I am also struck that we are told only about select tests that the authors made. While I find p-values very useful, one way they become suspect is if people do a lot of tests and only report the ones they find interesting. What were the negative results? How can I know that the few results we are told about are the whole story, or just the bits of the story that make for a tidy conclusion? This is a problem with any study whose analyses are not pre-registered – ie, just about any social science research published these days. But it is a problem.

Last, I want to point you to a couple of other articles people have written criticizing the study and/or the conclusions that laypeople are drawing from it, which I came across after intially drafting this post. They contribute interesting different perspectives that add to the picture above.

According to Matthew: “No, atheist kids are not more altruistic than religious kids”

A secular writer who makes similar points to mine. Curiously, he ends his explanation of why we can’t draw firm conclusions from this study by stating that “this study does at least provide evidence that atheist kids are not less altruistic than religious kids.” As one commenter put it, “you can’t have it both ways”. I would say that “at least this study does not confirm that atheist kids are less altruistic than religious kids.”

George Yancey: “Fatal flaws in that religion and generosity study”

A religious writer. While I agree with him that the study isn’t as conclusive as some of the headlines suggest, his critique itself is unfortunately error-ridden. For example, he says the study should have controlled for parental education. It did (at least for maternal education). He also complains that the authors conflated “mercy” with “morality” in their study of punitiveness. I don’t think they did. In fact, throughout the paper they clearly separate their discussion of the altruism test (the dictator game) and the test of punitiveness. It is clear to me that the authors think these two tests measure distinct things.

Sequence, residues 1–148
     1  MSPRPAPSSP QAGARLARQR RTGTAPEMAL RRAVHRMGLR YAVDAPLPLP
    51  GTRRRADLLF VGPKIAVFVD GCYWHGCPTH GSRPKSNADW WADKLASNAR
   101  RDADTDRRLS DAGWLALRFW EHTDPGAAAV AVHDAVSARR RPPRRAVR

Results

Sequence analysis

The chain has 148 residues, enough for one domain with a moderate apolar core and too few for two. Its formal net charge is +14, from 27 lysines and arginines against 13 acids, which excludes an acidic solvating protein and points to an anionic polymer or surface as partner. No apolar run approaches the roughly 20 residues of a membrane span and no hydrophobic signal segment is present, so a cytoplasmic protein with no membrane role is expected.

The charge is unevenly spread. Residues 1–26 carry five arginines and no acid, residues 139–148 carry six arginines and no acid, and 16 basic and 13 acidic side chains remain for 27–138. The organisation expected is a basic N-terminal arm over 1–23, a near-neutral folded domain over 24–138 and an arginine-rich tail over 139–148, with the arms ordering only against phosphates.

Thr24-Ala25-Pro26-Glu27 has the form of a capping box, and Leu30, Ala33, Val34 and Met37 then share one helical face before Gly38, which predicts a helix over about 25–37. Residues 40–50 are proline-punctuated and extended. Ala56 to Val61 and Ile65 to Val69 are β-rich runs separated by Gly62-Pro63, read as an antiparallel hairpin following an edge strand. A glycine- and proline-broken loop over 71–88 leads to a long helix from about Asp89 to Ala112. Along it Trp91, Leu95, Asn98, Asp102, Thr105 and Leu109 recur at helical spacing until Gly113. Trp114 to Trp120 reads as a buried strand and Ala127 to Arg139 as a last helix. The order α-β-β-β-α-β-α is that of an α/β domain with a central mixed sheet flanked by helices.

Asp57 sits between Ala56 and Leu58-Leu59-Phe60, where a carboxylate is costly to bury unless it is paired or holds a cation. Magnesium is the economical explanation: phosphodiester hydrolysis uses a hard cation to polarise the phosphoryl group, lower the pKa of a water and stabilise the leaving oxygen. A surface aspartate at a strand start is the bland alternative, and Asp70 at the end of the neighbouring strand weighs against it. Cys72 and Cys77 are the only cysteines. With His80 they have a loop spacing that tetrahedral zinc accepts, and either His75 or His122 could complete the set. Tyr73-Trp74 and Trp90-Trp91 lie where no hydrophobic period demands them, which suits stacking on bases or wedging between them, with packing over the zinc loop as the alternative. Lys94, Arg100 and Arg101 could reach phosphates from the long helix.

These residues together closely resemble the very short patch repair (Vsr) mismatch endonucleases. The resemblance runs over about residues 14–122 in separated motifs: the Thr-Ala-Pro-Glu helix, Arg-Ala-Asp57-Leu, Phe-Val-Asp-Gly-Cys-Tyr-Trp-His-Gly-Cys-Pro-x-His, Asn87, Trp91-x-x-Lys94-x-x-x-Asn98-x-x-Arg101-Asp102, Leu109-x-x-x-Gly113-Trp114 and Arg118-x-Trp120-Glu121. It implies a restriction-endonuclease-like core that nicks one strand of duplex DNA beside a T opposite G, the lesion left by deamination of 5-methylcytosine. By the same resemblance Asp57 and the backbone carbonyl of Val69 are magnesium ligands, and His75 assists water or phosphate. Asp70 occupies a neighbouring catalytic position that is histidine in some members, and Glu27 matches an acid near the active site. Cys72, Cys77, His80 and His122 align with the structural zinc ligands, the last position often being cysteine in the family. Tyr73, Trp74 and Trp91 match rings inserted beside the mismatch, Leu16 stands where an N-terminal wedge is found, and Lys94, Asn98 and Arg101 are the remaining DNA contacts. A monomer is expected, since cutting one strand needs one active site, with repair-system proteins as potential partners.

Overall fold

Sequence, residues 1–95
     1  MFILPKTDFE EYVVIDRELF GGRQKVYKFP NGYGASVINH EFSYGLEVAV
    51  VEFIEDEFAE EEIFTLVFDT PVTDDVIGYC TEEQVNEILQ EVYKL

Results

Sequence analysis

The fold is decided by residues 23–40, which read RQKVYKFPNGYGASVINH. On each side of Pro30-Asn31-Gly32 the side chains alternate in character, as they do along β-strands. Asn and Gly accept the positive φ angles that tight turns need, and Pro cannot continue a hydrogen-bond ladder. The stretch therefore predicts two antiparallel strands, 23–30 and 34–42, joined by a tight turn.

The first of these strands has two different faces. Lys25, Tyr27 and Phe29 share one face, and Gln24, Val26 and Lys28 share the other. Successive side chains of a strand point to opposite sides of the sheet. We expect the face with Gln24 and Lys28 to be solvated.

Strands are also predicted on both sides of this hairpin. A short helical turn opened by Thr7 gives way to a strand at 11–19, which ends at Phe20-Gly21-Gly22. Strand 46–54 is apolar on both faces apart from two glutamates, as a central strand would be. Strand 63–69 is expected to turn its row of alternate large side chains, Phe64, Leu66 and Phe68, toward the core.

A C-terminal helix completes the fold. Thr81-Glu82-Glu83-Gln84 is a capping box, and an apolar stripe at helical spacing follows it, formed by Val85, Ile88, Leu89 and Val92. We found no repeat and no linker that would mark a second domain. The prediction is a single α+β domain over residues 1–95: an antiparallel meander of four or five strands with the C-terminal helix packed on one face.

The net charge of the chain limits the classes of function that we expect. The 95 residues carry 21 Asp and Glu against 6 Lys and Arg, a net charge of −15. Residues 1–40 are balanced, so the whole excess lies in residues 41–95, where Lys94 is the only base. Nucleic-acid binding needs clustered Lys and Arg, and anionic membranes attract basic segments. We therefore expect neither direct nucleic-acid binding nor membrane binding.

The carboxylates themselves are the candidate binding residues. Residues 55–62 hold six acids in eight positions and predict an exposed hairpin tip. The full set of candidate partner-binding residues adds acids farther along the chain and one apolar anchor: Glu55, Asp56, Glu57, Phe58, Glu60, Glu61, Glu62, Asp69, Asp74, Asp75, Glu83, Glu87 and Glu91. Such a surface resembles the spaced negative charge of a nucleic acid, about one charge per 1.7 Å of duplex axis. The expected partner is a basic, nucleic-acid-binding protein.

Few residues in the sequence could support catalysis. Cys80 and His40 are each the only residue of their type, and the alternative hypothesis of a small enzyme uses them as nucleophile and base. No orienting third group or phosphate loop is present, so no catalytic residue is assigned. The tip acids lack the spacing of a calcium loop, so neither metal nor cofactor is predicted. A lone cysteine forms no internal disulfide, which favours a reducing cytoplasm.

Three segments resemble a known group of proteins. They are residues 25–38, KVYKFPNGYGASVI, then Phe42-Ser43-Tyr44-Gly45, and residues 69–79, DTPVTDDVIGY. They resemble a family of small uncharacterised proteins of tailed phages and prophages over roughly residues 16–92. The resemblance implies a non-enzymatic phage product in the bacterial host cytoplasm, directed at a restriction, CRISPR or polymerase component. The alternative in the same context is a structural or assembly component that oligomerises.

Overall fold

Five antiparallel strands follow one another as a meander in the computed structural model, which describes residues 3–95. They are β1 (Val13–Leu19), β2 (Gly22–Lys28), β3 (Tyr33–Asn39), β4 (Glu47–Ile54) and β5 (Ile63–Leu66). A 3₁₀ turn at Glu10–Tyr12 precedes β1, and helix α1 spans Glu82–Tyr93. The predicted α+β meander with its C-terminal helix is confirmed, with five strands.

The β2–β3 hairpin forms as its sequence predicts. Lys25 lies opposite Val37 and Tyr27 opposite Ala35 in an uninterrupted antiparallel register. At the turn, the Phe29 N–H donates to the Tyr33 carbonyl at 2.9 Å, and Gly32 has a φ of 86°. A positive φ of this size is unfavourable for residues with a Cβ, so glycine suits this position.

Both of these articles highlight a crucial problem with the dictator game – the central test of altruism – which I had missed. They claim that, rather than testing altruism, it may simply test obedience. This seems very plausible to me. The test was set up like this:

  • The experimenter gives the child some stickers.
  • The child is then invited to share some stickers with another (unseen) child by putting them in a separate envelope while the experimenter’s back is turned.
  • The number of stickers shared is used as the operational measure of altruism in this study.

Yes, an altruistic child will tend to put more stickers in the envelope. But so will a more obedient child. Without deeper knowledge of the psychological literature, I am forced to take this as a profound flaw. I have my expectations about whether nonreligious kids will, on average, tend to be more obedient than religious kids. But we’re doing science here, and my empirically un-tested expectations carry little weight.

So the conclusion? Well, it may sound dismissive, but I think this study tells us very little. It does fail to confirm the stereotypical religious expectation that religious people are more altruistic than non-religious people. But it also fails to soundly refute it.

With appropriate follow-ups, it may become a useful bit of evidence in the picture of how our beliefs shape our moral behaviours. For now, it is mainly useful as a cautionary tale in interpreting scientific results.

The best thing about this paper? It is freely available for anyone to read and examine. And this, in my mind, puts it a step ahead of many better-designed studies that are locked behind paywalls.